17 اردیبهشت 1392

How Do Journalists cope With Elections Coverage

Censorship, Self-Censorship, Crossing Redlines and Fearing Tomorrow

7 May 2013

Reported by Saba Etemad

Translated by Rose Arjmand

Khabarnegaran.info – On the eve of the presidential election in Iran, media is struggling find out where it is standing, under a security observation or temporary open atmosphere? Can journalists cover criticisms against the government or should they still consider the truth about the ruling party a crime?

Journalists Worry about Arrest

A journalist, who writes for a reformist newspaper evaluates the election’s impact on the media atmosphere is the country saying: “our newspaper is publishing what it used to publish a few months ago. I can say that our strategy hasn’t changed so far. I, personally, do not agree with extremism. But the managers at this newspaper believe that the newspaper will not last longer than a few weeks and will be closed down before the election; so they aim to criticize the government as much they can and as long as time allows them.

Another journalist that works another reformist newspaper says: “the Iranian media is much freer today. Our newspaper is affiliated to one of the presidential candidates. We have started our work with criticism against President Ahmadinejad’s government and still we do the same, especially after the Intelligence Ministry announced criticism against President Ahmadinejad are allowed. At the moment we are allowed to write about everything except for the Supreme Leader.”

These days, newspapers name the opposition leaders MirHosseinMousavi and MehdiKarroubi frequently. Bearing in mind that the National Security Council ratified a note banning coverage of any news related to such figures, this is a bold move. No wonder why journalists call this a freer time.

Journalists find it ironic that any criticism against Ahmadinejad would be answered by prison or whip four years ago, however, today it is promoted by the Intelligence Ministry. The Intelligence Ministry decided to hold the election under security pressure and freer observation. A journalist says: “when it comes to Shargh and Etemaad newspaper, both reformist, it seems the Intelligence Ministry is more sensitive. The Intelligence Ministry representatives stay at the publishing house at nights to check the news before they are printed. They do not have the same policy for other newspapers.”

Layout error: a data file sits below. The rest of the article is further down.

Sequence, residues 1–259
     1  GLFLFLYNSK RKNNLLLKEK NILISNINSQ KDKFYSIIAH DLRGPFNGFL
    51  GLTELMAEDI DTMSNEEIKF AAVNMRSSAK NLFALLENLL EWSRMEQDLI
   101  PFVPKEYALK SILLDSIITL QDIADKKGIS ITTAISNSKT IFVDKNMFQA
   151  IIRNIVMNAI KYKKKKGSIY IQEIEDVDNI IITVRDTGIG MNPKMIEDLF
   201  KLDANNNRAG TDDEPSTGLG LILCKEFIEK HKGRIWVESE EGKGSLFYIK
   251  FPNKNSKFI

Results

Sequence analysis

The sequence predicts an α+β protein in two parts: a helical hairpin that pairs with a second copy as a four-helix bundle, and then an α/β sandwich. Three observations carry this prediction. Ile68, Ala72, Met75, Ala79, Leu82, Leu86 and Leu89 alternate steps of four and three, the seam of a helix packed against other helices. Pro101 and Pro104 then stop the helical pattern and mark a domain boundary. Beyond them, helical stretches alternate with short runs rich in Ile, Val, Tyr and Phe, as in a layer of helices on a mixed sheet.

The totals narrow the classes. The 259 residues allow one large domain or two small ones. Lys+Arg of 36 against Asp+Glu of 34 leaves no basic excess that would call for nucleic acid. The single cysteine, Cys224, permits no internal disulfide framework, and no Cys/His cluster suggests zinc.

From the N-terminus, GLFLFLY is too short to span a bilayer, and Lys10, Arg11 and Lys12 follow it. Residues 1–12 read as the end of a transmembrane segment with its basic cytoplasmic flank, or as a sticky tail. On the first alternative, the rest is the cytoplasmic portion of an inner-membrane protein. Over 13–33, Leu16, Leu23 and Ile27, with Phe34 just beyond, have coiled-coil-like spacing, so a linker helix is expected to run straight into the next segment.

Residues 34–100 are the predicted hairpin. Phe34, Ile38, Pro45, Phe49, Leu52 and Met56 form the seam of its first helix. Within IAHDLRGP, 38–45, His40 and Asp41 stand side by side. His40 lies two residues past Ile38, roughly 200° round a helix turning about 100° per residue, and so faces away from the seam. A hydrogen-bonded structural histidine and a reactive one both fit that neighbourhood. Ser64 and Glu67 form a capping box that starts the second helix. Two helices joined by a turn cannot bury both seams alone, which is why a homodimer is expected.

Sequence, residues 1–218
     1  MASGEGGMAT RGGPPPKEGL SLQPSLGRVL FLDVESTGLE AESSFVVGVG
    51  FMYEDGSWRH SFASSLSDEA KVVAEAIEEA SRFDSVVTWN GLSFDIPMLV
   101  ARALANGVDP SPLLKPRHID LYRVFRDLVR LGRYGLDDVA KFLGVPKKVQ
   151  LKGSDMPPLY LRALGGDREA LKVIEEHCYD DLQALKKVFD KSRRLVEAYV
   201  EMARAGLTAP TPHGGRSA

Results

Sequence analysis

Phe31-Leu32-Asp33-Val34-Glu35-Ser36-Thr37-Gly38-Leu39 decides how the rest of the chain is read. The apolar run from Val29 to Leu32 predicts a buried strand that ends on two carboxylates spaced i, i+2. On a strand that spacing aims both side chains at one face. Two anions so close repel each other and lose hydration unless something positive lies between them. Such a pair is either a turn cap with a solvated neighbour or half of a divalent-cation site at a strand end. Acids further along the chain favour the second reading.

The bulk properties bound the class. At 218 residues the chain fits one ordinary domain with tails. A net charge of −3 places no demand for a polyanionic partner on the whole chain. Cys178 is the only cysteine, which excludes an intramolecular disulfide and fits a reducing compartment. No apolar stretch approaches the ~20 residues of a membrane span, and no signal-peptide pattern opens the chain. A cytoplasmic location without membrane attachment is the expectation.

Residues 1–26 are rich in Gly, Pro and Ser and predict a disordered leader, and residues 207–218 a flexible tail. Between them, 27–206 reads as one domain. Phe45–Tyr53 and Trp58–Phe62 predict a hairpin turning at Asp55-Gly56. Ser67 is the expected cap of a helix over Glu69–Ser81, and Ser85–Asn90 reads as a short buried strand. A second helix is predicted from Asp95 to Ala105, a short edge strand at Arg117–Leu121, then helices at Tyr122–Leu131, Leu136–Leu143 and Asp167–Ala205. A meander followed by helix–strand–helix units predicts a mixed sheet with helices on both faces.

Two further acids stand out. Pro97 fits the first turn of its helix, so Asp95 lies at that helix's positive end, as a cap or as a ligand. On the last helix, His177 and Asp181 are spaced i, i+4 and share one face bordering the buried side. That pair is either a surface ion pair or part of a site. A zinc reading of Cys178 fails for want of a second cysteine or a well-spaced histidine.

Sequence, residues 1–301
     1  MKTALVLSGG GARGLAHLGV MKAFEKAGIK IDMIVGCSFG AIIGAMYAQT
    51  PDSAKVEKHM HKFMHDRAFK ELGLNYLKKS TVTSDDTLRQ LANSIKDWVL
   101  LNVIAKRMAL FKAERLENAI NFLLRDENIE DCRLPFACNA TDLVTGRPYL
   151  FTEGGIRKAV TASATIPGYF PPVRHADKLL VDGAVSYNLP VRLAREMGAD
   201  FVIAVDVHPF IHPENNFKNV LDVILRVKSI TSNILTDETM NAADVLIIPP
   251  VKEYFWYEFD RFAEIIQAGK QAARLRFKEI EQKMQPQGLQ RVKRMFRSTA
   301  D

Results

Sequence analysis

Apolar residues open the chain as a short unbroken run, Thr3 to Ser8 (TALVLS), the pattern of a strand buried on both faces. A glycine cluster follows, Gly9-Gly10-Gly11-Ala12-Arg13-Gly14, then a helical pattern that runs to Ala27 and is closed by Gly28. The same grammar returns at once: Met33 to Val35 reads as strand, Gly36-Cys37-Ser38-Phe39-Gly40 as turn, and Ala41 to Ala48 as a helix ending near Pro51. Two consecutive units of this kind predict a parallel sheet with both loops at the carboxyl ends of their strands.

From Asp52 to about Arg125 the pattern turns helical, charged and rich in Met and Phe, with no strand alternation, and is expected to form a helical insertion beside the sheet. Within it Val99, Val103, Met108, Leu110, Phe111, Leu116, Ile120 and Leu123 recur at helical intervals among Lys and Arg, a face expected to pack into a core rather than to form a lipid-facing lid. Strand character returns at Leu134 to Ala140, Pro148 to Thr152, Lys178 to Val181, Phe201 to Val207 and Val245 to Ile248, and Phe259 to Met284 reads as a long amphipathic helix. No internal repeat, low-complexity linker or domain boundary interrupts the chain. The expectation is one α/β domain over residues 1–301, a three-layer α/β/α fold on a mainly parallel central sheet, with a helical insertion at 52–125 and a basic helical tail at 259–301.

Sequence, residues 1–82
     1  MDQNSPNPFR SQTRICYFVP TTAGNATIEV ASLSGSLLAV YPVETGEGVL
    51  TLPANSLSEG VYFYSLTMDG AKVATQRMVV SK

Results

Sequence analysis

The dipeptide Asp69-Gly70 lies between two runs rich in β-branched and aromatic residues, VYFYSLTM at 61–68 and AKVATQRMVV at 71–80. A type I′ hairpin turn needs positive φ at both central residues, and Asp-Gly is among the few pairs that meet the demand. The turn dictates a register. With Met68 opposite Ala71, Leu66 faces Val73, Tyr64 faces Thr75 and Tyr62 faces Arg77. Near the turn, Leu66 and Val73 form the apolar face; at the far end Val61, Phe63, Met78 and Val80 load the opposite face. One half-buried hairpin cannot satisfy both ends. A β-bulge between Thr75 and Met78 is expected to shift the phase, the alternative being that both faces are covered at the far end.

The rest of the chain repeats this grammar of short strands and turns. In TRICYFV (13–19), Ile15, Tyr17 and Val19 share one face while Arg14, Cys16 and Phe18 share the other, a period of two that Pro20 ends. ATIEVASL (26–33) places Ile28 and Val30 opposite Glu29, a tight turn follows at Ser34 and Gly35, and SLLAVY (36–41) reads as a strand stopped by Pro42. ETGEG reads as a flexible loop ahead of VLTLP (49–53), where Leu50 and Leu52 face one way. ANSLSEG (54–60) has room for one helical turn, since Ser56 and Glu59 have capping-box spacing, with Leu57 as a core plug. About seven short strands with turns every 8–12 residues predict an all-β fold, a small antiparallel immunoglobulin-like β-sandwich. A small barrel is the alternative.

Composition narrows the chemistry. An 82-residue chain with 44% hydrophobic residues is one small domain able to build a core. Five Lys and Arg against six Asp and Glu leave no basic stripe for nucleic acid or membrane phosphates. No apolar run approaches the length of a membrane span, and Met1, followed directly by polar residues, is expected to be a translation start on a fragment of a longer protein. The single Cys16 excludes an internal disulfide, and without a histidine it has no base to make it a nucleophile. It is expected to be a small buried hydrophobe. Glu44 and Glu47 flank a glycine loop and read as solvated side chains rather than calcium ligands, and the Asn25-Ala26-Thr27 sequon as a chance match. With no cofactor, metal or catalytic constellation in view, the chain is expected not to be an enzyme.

She continues: “in the last four years we paid a lot to write. Critics are imprisoned and their crime was writing. I got to a point that do not use my real name to support a candidate because I do not know how my own article will be used against me in future.”

Self-Censorship institutionalized Among Journalists

Critic journalists are now focused on their writing style to make sure that they will not be imprisoned after the election or their newspaper will not be closed down.

Such journalists have become fluent in self-censorship after receiving many warnings from the Culture Ministry and security pressure. Culture Ministry authorities “suggested” that the media consider self-controlling in their job and also bear in mind that the Culture Ministry watches them closely.

Media critics rather write their articles under pennames for websites that they would not be tracked down; if they choose to write for newspapers or news websites, they have mastered self-censorship and they know how to write to avoid arrests.

Journalists and Election Campaigns

Presidential election campaigns are journalists’ other concern. A journalist tells khabaranegaran.info: “I used to write for MirHosseinMousavi’s campaign four years ago. However, in this round of election I will not write for anyone’s campaign. I learned by experience that it is very unprofessional of a journalist to take part in an election campaign. Unless a journalist resign from his or her job as a journalist then joins an election campaign.”

He goes on saying: “if a journalist joins an election campaign, he will not be able to stay unbiased. This is against journalism.” A journalist that worked for Hamshahri Newspaper says: “some campaigns use amateur journalists, who cannot create the impression that a veteran journalists leaves. Some campaigns hired people who know absolutely nothing about newspapers to cover their news.”

The election will be held very soon and journalists still find their future vague. They do not know if they will be arrested in future for covering news about a certain presidential candidate; or they will be any newspapers left open after the election.

  • Version imprimable de cet article Version imprimable
  • Send this article by mail Send
  • Most press in Bushehr have no editor-in-chief

    4 مهر 1394

    Khabarnegaran.info-Niki Azad: Local journalist Mahdieh Amiri speaks of the hardships of practicing journalism in the southern Iranian province of Bushehr. Amiri has been working as a journalist in Bushehr for years. Since 2007, she has been the editor-in-chief of a few local websites, biweekly and quarterly magazines. She is now the editor-in-chief of hamooniran.com website and Ava-ye Dashtestan biweekly.

  • ‘I accepted banishment so I could keep writing’

    9 تیر 1394

    Khabarnegaran – Niki Azad: He has been put in jail three times for his journalist writing, though he says that jail has not made him feel disappointed with the profession of journalism.